Germany's top flight, like the majority of European leagues, is suspended due to the ongoing coronavirus pandemic.

The top two tiers in Germany are suspended until at least April 30, with mass gatherings having been prohibited by the government until the end of August.

However, this month German Football Federation (DFL) chief executive Christian Seifert said discussions were in place over a return to action in early May with matches behind closed doors.

Seifert confirmed the DFL's plans to continue with the season and that the start date will by May 9 so long as the plan gets government backing.

But senior union official Jorg Radek believes doing so would pose a risk to public health.

"Maybe it is possible to control what is happening in the stadium. This does not apply to the public space in front of it. The stadiums become a potential target for fans who want to support their team," Radek said in an interview with the Frankfurter Allgemeine Sonntagszeitung.

"That would be devastating. We can't have large crowds outside the stadium gates. It's not only forbidden, it would be irresponsible.

"It becomes relevant to the police at that moment, we then have to ensure that the requirements that currently apply to behaviour in public space are complied with - the requirement of a distance of one and a half metres, the ban on the assembly of large groups, the wearing of masks.

"We will have to intervene in terms of maintaining security and order if this is not guaranteed.

"I want to state that we as a police union are not fundamentally against football games.

"I can also understand that there is a need for many people to stop watching old international matches or old Bundesliga games, but we must not forget what special situation we are all in - this includes the police.

"Games behind closed doors are a danger, even if the organiser does everything in the stadium to ensure that hygiene regulations are observed in order to keep the risk of infection as low as possible."

He said the DFL plans do not appear to cover such aspects and spoke of the prospect of an "additional burden" on police.

"Running the league on the weekends is a huge burden for us even without a corona pandemic," said Radek. "By pausing, we gained a personnel reserve that we could fall back on to increase our presence elsewhere."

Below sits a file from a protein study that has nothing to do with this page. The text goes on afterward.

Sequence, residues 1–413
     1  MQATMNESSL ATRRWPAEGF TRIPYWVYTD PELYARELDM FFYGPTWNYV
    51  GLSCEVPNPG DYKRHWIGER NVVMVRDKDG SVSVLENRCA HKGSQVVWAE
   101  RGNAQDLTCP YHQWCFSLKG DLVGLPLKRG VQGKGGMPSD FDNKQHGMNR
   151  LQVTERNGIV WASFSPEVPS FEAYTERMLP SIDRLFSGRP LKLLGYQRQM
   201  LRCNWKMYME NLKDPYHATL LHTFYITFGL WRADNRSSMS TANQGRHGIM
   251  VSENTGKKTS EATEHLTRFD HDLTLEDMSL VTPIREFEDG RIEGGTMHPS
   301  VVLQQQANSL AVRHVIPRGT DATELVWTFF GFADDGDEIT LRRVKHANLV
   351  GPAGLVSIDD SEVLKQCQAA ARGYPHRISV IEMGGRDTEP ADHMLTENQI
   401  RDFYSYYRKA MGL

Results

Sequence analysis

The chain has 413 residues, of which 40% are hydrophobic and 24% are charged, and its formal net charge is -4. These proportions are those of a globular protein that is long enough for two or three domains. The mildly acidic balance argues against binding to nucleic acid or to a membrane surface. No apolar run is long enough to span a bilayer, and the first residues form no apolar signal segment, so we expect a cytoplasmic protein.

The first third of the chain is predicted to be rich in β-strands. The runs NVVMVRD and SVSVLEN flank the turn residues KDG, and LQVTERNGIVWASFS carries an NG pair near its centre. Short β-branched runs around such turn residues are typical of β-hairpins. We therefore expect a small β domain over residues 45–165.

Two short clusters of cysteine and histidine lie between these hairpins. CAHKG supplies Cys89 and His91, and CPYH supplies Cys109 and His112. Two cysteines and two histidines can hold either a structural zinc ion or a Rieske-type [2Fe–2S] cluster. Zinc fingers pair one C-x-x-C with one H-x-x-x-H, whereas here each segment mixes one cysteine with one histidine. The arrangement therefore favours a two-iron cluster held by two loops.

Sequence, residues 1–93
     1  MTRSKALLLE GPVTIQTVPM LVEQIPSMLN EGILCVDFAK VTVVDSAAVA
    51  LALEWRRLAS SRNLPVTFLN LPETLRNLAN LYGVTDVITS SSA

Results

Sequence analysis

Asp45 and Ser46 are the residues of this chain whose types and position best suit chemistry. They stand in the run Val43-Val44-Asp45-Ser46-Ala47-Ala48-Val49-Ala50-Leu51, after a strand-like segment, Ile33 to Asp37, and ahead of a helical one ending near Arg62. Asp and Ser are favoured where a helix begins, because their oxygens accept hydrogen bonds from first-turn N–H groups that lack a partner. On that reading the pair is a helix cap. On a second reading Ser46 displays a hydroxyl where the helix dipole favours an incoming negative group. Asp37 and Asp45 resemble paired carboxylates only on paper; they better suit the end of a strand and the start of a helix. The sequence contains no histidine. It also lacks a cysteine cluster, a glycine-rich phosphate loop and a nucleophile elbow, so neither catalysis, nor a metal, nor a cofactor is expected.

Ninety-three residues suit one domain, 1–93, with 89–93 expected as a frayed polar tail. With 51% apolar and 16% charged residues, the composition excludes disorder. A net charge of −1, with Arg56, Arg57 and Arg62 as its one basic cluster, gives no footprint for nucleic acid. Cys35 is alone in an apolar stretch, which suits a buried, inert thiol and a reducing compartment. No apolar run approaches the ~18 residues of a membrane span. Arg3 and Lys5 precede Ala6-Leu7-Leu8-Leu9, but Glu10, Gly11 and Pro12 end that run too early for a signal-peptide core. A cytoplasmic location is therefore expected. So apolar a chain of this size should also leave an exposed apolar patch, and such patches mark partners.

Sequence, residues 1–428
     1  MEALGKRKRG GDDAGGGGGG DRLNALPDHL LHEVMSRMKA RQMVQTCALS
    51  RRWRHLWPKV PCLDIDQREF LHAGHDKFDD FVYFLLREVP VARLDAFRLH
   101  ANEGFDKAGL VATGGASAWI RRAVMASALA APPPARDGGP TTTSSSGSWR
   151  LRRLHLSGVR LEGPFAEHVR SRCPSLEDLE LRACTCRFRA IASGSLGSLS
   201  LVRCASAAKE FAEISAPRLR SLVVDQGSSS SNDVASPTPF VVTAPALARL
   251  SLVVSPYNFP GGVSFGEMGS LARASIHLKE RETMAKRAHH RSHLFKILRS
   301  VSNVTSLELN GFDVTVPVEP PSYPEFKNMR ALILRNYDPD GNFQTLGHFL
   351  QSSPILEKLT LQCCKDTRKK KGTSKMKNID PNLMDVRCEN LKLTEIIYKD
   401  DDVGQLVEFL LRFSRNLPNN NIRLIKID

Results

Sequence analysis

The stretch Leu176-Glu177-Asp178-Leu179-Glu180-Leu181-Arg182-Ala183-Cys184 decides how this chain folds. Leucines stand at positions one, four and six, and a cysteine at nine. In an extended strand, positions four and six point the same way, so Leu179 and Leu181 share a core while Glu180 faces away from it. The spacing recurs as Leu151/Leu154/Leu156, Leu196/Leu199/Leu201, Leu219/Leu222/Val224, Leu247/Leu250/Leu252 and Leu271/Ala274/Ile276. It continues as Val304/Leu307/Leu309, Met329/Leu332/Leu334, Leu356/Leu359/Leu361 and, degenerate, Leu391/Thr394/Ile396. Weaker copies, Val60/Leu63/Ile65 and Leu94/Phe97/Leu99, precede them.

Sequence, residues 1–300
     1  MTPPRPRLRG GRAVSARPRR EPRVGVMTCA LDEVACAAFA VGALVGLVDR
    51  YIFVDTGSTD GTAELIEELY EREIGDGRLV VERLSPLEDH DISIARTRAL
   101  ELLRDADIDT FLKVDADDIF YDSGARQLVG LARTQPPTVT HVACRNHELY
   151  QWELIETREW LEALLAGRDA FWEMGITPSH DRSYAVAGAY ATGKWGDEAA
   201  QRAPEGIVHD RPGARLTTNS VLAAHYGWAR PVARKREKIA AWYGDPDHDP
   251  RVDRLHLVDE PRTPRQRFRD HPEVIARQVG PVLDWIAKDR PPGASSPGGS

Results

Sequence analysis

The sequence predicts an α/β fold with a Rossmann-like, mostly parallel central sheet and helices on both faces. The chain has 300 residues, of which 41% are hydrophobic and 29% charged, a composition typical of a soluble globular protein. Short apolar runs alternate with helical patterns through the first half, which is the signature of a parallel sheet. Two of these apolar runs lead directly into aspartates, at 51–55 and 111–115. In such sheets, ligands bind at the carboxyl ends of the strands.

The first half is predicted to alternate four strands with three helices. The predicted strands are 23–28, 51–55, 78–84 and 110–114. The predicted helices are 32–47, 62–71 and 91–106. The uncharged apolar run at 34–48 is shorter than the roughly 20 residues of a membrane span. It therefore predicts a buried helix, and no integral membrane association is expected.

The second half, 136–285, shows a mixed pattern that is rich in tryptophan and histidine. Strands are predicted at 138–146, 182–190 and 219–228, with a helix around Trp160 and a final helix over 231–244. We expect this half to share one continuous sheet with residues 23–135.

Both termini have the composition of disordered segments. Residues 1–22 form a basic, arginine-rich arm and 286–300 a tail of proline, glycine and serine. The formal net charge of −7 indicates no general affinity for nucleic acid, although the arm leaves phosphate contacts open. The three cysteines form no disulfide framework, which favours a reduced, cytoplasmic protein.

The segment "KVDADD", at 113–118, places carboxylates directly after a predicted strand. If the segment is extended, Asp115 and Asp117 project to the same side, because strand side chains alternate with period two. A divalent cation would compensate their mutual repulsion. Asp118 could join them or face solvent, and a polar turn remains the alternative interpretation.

The Bundesliga is on track to resume the 2019-20 season in May but the final decision on the restart date lies with politicians, the German Football League (DFL) announced on Thursday.

Germany's top two tiers are suspended until April 30 due to the coronavirus pandemic, while mass gatherings have been prohibited by the government until the end of August.

DFL chief executive Christian Seifert said this month the organisation was working towards a return to action in early May with games played behind closed doors.

Following a virtual meeting between the 36 clubs on Thursday, the DFL confirmed its plans to continue with the season.

Seifert said: "The Bundesliga is ready to resume, whether on May 9 or a later date. But it's not up to us to find a date, the political decision-makers decide.

"We have not defined an exact date today. The fact that we are even able to think about resuming games underlines the performance of the German authorities. It would be presumptuous for the DFL to name an exact date for the restart.

"If the signal comes in the next week that it can be May 9, then it will be May 9. It's not up to us whether we can play at all. It is only up to us to create the framework conditions.

"The season should be finished by June 30. If we need to play in July too, we will. We are currently not thinking about next season. First of all, it is the matter of ending the current season."

Guidelines for the staging of matches include strict hygiene requirements, close testing and permanent monitoring of those at the games. The DFL will also provide €500,000 to public health authorities to help with coronavirus testing.

Access to Bundesliga stadiums will be limited to 213 people on matchdays and Seifert urged fans not to gather outside arenas.

"When we start playing again, gatherings outside the stadium must be avoided," said Seifert.

"Otherwise the fans will need to accept the fact that the matches will not take place. If this happens during the match, it will be cancelled.

"The situation might even require us to talk about games without fans next year. Therefore, the clubs should plan without income from spectators for the time being."

It was also announced by the DFL that €7.5million from the solidarity fund set up by Bayern Munich, Borussia Dortmund, RB Leipzig and Bayer Leverkusen will be shared equally between the 3. Liga and women's Bundesliga.

In Germany there have been over 151,000 confirmed cases of coronavirus and 5,354 recorded deaths.